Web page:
There’s a big divide happening right now in America. We’re talking about one between the incredibly wealthy and the average Joe.
While more than 11 million Americans remain unemployed during the pandemic, America’s richest 614 billionaires grew their net worth by an eye-popping $931 billion. Jeff Bezos of Amazon (AMZN) alone increased his wealth by over $90 billion, while Tesla’s (TSLA) Elon Musk grew his personal pie by over $68 billion! Not bad for less than a year’s work.
All told since the beginning of the coronavirus pandemic, American billionaires have raked in a whopping $1 trillion, while millions of others struggle to pay their bills.
This massive chasm between rich and poor has also been accompanied by a shift in the stocks that have outperformed this year. With more folks staying at home and biotech companies racing to find a coronavirus vaccine, biotech and tech companies have surged.
The biotech sector, in particular, soared in 2020. Case in point: From the March lows, the SPDR S&P 500 Biotech ETF (XBI) is up a stunning 114%, while the S&P 500 is up 63%.
Now, look at how the S&P 500 compares to Novavax, Inc. (NVAX), which is currently creating a coronavirus vaccine. It is also being funded by both the federal government through Operation Warp Speed and the Bill & Melinda Gates Foundation.
It’s up more than 1,000% in about nine months!
On the tech side, pandemic plays, like Zoom Video Communications (ZM), also outperformed the market. The video chat app has surged 486% year-to-date. In comparison, the S&P 500 is up about 13% year-to-date.
But the reality is this technochasm – the gap between the wealthy and poor mirroring a boom in tech stocks – has been happening for some time. And on one side of that divide are certain tech companies that are growing faster than ever before. On the other side are the companies going bankrupt in the blink of an eye.
In fact, this happened back in the 1990s, during a time of low inflation and incredible innovation. Back then, the rollouts of the cellular phone networks, powerful personal computers, software, and the internet converged to unleash a tsunami of productivity. This resulted in higher profit margins for virtually every business across America.
In a relatively short timeframe, our ability to communicate, transact, process data, analyze data, and manage supply chains was revolutionized.
We started living in a whole new world. And it carried the broad market 417% over that decade. It also paved the way for truly innovative companies harnessing these new technologies to hand their shareholders incredible returns.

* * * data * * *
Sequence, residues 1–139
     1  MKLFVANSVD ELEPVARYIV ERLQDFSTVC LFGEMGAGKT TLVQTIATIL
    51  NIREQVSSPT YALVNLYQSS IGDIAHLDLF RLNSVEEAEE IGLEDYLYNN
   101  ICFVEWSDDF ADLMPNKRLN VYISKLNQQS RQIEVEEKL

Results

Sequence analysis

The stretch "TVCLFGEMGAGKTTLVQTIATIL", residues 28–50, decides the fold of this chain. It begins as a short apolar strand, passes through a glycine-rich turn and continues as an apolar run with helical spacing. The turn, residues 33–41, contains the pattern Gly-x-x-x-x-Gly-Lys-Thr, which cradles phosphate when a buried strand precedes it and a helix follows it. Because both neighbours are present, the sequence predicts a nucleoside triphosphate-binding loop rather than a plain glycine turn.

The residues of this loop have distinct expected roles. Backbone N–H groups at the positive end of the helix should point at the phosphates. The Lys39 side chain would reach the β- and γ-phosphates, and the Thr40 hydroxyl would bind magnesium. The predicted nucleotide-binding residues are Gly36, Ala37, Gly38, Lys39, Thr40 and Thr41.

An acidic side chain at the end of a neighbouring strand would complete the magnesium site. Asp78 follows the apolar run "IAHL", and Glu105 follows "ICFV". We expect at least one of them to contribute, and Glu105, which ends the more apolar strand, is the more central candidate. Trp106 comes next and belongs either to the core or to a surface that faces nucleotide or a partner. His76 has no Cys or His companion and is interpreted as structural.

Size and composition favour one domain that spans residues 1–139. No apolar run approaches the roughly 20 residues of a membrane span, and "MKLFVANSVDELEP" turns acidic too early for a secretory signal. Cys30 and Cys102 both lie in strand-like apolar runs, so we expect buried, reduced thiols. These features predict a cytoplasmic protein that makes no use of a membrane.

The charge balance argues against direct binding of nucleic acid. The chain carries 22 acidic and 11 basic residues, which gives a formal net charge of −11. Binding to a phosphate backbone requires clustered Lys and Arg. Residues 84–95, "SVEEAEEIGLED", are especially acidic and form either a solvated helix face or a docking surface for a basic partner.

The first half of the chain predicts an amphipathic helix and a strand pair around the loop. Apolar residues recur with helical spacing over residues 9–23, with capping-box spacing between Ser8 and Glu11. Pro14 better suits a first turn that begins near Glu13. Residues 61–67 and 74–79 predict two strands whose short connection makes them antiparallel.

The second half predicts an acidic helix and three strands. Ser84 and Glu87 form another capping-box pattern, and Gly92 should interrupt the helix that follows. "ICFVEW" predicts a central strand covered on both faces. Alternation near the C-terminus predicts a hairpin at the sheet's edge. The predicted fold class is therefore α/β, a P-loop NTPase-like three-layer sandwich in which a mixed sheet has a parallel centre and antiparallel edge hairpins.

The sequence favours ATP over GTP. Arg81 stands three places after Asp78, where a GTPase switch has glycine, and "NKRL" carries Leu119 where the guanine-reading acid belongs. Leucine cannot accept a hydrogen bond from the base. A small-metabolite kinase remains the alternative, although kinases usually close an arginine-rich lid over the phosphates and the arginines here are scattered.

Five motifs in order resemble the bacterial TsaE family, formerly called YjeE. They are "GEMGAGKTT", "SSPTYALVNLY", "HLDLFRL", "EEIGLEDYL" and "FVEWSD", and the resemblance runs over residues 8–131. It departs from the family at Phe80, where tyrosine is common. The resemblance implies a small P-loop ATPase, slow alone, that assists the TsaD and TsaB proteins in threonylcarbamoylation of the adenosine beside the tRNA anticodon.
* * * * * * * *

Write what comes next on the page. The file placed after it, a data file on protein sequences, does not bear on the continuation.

I’m talking about companies like Cisco (CSCO), which rocketed up 113,000%, or Amazon, which is up 72,000%.
And now, we’re again at the cusp of an amazing technological revolution that will carry the stock market to incredible new highs.
The convergence of new technologies like artificial intelligence (AI), 5G, precision medicine, the Internet of Things (IoT), driverless cars, and the blockchain are recreating the very framework of modern society.
And the impact these technologies will have on the global economy will dwarf the internet.
When you add up the economic impact that these technologies will have on the world, it’s staggering…
At least $46 trillion over the next 10 years!
I look for 5G to add $12 trillion to the economy, the Internet of Things to add $19 trillion to the economy, and AI and advanced robots to add $15 trillion to the economy.
The truth of the matter is the potential is significantly greater than what we saw in the 1990s. With that in mind, I will be sitting down with my InvestorPlace colleague Matt McCall for our Early Warning Summit 2021. It’s scheduled for this Thursday, December 17, at 7 p.m. ET. We’ll discuss this big shift, and where we see the potential for big profits. We’ll also share the companies we expect to be the big winners, so stay tuned!
This event is only days away, so if you haven’t reserved your spot yet I encourage you to do so now.
Note: The Editor hereby discloses that as of the date of this email, the Editor, directly or indirectly, owns the following securities that are the subject of the commentary, analysis, opinions, advice, or recommendations in, or which are otherwise mentioned in, the essay set forth below:
Amazon.com (AMZN), Novavax, Inc. (NVAX), Zoom Video Communications (ZM)